Friday, August 30, 2013

Introduction - Exclusive Interview with biographer Eve Golden on John Gilbert



I have been fascinated by John Gilbert since I first heard about him. And, what I heard wasn’t very flattering. All I knew about him, at the time, was that he failed to transition from silent to sound films for the reason that he had a high voice. I just had to find out for myself if this was true. Turns out that it wasn’t.

I became so fascinated by his story that I created a section here on Classic Movie Favorites about him.

Even with having done so much research about him for CMF, until reading Eve Golden's new biography titled, John Gilbert - The Last of the Silent Film Stars, I never really completely understood why he was considered to be such a liability by MGM or, why the studio hadn't helped him through the transition as they did with Greta Garbo.  At the time of his demise, he was still very handsome and highly talented, so why was he abandoned by the studio he had made so much money for? I thought his life tragic, so I wanted to know more.

The only book I had read on Gilbert until recently, was his daughter, Leatrice Gilbert Fountain’s book, “Dark Star.” Her account of her father’s life was a good one, but I still didn't find convincing answers to my questions about Gilbert’s failure in film. So, when Eve Golden’s book came out, I bought it right away. I also immediately contacted her and asked if she would be willing to be interviewed, and thankfully she said, "yes."

When we spoke, I was happy to find out that we have similar roots, both coming from Philadelphia and each of us huge classic movie fans who grew up sneaking into the living room to watch the "Late, Late show" on TV when we were supposed to be in bed. For us both, that love for classic film has never faded.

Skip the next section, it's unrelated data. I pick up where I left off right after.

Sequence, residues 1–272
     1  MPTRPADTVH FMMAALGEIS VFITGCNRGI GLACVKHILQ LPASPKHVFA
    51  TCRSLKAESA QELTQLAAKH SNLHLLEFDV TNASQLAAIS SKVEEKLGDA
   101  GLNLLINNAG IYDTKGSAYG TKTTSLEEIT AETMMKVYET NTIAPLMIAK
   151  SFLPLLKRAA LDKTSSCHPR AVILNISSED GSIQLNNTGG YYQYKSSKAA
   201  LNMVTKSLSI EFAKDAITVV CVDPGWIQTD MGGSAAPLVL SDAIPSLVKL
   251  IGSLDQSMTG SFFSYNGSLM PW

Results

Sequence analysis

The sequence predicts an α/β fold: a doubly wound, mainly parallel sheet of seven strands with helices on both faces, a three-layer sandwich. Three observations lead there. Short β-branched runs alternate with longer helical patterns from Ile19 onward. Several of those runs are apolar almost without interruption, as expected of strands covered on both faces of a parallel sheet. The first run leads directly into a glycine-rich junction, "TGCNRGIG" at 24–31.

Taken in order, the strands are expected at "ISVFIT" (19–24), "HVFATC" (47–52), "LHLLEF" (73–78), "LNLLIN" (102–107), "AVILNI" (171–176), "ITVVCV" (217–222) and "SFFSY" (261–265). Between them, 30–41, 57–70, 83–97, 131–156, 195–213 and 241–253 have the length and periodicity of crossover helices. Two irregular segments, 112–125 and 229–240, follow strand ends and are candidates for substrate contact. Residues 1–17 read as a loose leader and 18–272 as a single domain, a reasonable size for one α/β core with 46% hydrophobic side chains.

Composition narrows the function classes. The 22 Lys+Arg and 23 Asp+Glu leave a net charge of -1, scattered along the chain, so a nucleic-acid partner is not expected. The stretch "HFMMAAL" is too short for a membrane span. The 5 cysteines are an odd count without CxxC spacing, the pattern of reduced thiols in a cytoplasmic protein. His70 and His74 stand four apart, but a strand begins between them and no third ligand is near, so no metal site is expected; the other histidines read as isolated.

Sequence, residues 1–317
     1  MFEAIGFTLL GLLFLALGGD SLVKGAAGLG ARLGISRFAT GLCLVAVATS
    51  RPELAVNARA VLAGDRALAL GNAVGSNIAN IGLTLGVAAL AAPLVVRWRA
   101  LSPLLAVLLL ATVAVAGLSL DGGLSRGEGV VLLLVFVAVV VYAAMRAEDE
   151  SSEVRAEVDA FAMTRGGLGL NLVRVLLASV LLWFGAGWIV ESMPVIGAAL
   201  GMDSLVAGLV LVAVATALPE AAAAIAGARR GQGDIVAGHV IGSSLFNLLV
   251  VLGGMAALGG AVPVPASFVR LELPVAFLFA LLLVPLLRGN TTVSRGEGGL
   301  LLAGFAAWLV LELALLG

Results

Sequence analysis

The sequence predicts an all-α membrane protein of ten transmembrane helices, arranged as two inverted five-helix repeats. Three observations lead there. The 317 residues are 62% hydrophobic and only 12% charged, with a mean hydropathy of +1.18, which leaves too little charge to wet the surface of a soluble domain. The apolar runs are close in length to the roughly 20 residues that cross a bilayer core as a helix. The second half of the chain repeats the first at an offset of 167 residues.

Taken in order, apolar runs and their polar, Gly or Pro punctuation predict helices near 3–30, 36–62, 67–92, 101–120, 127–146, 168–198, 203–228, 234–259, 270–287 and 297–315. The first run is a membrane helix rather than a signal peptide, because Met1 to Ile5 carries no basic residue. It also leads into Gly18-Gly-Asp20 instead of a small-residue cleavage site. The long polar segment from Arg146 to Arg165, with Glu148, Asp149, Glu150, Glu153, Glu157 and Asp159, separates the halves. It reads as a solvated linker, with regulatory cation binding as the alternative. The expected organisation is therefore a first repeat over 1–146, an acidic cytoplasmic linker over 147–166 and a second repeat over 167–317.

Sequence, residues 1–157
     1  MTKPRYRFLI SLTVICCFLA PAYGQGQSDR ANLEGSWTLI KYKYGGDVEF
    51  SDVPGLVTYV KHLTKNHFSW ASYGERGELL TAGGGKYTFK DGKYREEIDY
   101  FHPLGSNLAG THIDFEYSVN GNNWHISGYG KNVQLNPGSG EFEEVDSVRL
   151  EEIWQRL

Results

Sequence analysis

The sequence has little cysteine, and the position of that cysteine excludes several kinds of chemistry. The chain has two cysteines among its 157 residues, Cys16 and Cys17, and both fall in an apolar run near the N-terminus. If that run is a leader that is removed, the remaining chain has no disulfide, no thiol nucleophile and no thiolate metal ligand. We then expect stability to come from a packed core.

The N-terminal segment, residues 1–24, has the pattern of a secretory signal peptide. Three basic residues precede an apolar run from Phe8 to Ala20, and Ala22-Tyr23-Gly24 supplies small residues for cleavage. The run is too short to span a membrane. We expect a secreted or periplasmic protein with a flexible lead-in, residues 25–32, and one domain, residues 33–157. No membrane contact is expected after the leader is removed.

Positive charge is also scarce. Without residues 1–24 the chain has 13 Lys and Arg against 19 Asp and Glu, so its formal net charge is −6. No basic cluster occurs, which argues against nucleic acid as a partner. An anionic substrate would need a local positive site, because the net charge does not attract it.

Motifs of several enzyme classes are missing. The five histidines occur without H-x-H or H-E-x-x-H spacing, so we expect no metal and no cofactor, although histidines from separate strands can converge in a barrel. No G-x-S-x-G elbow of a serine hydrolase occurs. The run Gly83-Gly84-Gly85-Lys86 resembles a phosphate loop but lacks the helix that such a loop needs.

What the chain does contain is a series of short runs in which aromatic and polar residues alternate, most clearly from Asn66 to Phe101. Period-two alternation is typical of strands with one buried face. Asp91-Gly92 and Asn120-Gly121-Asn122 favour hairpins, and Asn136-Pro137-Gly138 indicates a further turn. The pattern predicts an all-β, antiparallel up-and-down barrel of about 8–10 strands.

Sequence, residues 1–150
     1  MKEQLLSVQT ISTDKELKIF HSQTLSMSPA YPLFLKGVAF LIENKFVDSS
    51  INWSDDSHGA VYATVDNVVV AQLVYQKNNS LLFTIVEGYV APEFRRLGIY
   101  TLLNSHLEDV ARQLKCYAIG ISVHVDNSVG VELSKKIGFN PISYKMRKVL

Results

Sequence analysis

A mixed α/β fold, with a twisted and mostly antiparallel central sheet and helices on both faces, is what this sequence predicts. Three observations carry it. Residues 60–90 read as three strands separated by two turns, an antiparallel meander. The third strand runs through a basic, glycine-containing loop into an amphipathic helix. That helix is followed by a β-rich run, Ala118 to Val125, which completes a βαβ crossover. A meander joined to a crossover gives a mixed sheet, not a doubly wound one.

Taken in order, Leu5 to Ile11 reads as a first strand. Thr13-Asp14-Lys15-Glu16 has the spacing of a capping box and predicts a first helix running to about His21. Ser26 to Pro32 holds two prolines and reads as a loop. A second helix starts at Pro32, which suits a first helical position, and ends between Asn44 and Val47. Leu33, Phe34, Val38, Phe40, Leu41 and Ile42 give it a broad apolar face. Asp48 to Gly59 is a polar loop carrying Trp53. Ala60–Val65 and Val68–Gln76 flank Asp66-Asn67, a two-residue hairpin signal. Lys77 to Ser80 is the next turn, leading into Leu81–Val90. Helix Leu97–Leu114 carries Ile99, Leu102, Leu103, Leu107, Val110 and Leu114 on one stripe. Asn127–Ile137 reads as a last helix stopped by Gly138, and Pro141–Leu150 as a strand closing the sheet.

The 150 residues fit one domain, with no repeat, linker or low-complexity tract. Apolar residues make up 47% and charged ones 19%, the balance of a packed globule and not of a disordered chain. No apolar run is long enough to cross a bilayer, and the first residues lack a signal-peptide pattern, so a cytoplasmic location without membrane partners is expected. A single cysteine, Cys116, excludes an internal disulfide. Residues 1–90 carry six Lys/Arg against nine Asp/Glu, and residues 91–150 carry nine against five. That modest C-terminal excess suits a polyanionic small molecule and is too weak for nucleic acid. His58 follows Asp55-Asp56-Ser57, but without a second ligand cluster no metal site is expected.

Until the last few years, I was never really interested in silent film, preferring sound films. But, now I've gained a new appreciation for silent films through meeting the great Kevin Brownlow, watching his documentary "Hollywood," and through films by stars such as the great, Garbo and of course, John Gilbert. My first viewing of a Garbo/Gilbert silent was "Flesh and the Devil," which is now one of my favorite films.

Here's the waltz scene from Flesh and the Devil:

My interview with Eve Golden took place last month and it was a joy. Below are just a few quotes from Eve that I wanted to particularly highlight from our discussion.

On watching silent films, Eve Golden says:
"You have to really sit still and pay attention, and its best with the lights out and it really takes you into another world, the way the talkies don’t."
On the transition from silent to sound films, Eve Golden says: 
"It’s funny because one of the things I liked about writing about John Gilbert was that whole change over from silent to sound that culturally never happened before or since where in a period of just three years, an entire art form died and an entire new art form was born, which is why you have films like Sunset Boulevard. When you look at Sunset Boulevard, you realize that Gloria Swanson [and her character, Norma Desmond] is still a young woman; she’s not even 50 and she’s talking about a period that’s only thirty years ago, like us talking about the 1990’s and yet, the silent era is like talking about the age of Louis the 16th."
For those who don't know much about Gilbert's career, before you read the interview, I suggest you watch this episode of Kevin Brownlow's documentary, "Hollywood." This episode features two of the biggest starts of the silent era who didn't make the transition to sound films, Clara Bow and John Gilbert. 

Clara Bow is featured first, and John Gilbert's portion starts at 18:24 minutes in. 

This interview with Eve is a long one that I have divided into four parts.

Click on the links below to read each section:

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